Introduction With the publication of the 3 year NBSR results a key statement is the increasing age and weight of the average Bariatric surgical patient. This has been coupled with an increase in surgery for male patients across the UK. With this has come a larger burden of associated co-morbid conditions. We examined our bariatric practice to further consider this change.
Method Analysis of a prospective database of all bariatric seminar attendances which includes demographic and weight data. Data is presented from 2008–2014.
Results Overall we have seen an increase in attendance at our seminar and progression to surgery, tempered by the delay caused by the introduction of Tier 3 (Table 1). Over the 6 year period assessed the average BMI at both seminar and surgery has decreased. The proportion of the sexes has remained constant. A trend of increasing age at seminar and surgery is seen, although the increase is less in operated patients. The average BMI at surgery decreased from 52 to 49Kgm2for males but increased for women from 42 to 45 Kgm2.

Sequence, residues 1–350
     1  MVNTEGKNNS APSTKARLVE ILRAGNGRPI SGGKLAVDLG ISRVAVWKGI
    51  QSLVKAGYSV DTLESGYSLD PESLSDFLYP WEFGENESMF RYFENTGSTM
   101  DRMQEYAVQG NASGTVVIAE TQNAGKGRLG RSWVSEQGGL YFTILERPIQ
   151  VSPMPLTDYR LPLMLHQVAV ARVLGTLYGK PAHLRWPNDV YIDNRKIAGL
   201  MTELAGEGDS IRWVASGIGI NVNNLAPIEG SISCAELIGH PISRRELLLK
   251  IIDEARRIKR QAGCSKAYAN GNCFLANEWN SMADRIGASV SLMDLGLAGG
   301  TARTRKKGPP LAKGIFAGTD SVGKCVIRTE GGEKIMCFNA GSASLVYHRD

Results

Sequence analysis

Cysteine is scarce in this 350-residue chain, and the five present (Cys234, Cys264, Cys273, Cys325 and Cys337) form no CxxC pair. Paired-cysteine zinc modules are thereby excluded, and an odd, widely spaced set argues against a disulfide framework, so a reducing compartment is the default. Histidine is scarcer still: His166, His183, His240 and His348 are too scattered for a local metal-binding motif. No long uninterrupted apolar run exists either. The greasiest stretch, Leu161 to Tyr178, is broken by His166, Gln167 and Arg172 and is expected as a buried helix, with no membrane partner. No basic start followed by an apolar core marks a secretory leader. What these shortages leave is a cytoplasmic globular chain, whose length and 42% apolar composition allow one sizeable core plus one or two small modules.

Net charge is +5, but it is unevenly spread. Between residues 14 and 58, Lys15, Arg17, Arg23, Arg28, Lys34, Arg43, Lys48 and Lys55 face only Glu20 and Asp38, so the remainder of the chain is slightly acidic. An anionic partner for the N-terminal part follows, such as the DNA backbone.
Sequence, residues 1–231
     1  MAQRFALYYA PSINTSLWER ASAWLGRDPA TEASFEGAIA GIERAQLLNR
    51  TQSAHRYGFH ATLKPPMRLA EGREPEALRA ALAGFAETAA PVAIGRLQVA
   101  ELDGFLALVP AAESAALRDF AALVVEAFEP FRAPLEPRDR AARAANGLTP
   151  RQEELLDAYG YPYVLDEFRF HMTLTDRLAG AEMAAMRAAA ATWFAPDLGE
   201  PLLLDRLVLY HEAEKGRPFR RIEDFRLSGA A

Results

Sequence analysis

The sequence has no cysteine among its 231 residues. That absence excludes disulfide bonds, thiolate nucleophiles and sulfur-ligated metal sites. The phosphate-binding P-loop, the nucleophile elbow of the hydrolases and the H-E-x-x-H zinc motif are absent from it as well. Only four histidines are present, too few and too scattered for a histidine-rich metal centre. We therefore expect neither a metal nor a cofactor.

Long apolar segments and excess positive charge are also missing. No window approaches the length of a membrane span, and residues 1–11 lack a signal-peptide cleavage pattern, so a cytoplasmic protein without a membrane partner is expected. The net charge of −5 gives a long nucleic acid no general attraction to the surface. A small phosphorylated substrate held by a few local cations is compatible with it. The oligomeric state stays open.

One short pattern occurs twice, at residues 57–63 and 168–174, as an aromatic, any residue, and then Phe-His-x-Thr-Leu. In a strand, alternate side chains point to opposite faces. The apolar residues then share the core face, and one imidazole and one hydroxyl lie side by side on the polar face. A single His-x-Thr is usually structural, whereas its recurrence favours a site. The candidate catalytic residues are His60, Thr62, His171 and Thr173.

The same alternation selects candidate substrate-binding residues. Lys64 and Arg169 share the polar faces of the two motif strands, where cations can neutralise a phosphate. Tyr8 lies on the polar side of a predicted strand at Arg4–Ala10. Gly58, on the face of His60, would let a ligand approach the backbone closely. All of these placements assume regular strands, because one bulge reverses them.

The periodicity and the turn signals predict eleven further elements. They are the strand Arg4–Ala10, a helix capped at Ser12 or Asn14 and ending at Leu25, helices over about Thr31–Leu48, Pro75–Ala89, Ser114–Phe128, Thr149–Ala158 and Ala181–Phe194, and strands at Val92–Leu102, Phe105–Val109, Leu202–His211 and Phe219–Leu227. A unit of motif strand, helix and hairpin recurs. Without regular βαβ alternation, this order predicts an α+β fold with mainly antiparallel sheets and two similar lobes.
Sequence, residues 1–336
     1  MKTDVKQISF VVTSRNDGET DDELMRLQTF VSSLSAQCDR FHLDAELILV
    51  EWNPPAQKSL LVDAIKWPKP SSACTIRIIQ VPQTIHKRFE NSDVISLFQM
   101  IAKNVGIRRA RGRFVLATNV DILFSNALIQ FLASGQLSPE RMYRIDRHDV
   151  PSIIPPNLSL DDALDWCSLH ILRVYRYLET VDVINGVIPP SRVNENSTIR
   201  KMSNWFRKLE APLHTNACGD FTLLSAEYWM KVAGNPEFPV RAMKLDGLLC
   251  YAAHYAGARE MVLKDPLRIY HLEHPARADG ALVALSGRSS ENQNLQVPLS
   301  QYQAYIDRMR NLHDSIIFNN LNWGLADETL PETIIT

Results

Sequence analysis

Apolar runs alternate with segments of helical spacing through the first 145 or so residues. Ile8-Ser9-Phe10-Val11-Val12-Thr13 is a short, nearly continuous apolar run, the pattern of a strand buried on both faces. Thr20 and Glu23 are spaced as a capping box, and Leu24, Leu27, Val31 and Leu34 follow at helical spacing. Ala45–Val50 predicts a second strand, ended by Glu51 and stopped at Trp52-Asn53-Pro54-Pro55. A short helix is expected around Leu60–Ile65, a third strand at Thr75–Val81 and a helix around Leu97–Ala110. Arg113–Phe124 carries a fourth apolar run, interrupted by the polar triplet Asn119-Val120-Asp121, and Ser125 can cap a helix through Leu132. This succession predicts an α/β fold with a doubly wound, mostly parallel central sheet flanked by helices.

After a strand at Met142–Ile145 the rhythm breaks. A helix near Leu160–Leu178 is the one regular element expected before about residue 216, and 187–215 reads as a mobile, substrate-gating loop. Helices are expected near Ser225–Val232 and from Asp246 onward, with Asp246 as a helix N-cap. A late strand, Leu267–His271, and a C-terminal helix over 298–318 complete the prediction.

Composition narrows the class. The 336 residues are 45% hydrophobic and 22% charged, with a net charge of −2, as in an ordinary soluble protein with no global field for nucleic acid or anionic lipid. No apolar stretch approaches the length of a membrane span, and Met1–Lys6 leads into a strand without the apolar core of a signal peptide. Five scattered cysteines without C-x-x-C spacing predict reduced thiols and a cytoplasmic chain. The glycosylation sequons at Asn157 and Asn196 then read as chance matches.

Conclusion Mean BMI has deceased for both male and female patients over time for both the seminar attendance and patients proceeding to surgery, contra to the data published by the NBSR. This may reflect a shift in the targeting of surgery in our centre towards patients with the maximum potential gain in terms of co-morbidity resolution and extended life span. It may also reflect a greater appreciation of the prevalence of morbid obesity and options for treatment leading to earlier referral from general practice.
Disclosure of interest None Declared.